Attributes attempt to answer the statements, “This practice has …” or, “This practice does …” There are different types of attributes — including Accessibility, Amenities, Offerings, and Planning — but the types of attributes ultimately available to you depend on the categories you chose for your listing. (Healthcare practices should have “Accepts new patients” as an option, for example, and dental practices should have the ability to include “Teeth whitening.”)

Google initially created attributes for the restaurant and hospitality industry, so look at search results in those categories to see how attributes might be used in the future for healthcare. Not only can they help in keyword searches, but you also might see them pop up as filtering options after a keyword search or even with icons on the listing.

Check out: Why local business directories matter for healthcare marketing

Adding services to Google My Business

Google allows healthcare practices to list a “Menu” URL on their Google My Business listing. As you might have guessed, this feature was originally intended for restaurants. However, when Google started soliciting menu data for restaurants from third-party partners, they got more than they anticipated. Data dumps included services for healthcare providers and, as a result, lists of services from third-party platforms like Locu and Single Platform appear in some types of searches.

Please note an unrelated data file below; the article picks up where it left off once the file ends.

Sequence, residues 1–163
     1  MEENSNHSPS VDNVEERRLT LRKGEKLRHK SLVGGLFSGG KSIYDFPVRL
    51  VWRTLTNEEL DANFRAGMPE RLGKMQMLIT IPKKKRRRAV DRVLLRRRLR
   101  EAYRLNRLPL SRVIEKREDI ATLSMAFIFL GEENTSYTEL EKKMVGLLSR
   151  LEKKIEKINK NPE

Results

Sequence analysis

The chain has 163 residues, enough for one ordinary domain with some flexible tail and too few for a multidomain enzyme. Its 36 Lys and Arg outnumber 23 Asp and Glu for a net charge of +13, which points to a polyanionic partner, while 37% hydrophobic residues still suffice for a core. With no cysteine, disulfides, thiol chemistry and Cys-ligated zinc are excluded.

Now through Google My Business, you can add a URL from your own site that lists the services you provide. This serves as another signal to Google about your practice.

Even if you’ve updated your Google My Business listing with your website’s URL, also check to see if your services are listed on any third-party platforms. Ensuring service menus are accurate throughout the web will help improve the data Google is collecting.

Also on the Google My Business listing: Google Q&A

Ensuring Google associates the right keywords with your practice

Most of the information appearing on your listing will help Google determine the keywords it associates with your practice. However, if there’s something highly unique to your practice that isn’t available in the structured formats Google offers, there is something you can do: ask patients to mention it.

Google mines patient reviews to come up with keywords that describe your practice. If patients continually mention that particular unique attribute in their reviews, Google will give you a bump in relevancy for those terms.

Properly optimizing your Google My Business listing increases the likelihood that your practice will be found by patients looking for particular health services. If you have not already optimized your listing, follow these instructions so your practice can rise to the top of local results.

Up next: 4 signals Google uses to build your practice in the online world

Dominate your market

See how you compare to other practices in your local area and specialty.
Joel Headley
Joel Headley is Director of Local Search and Marketing at PatientPop, the market leader in healthcare practice growth. With a decade of experience at Google, Joel is an expert in optimizing websites for search and has a deep understanding of how doctors are found and assessed online.

Compare your practice

Instantly see how you compare to other practices in your local area and specialty.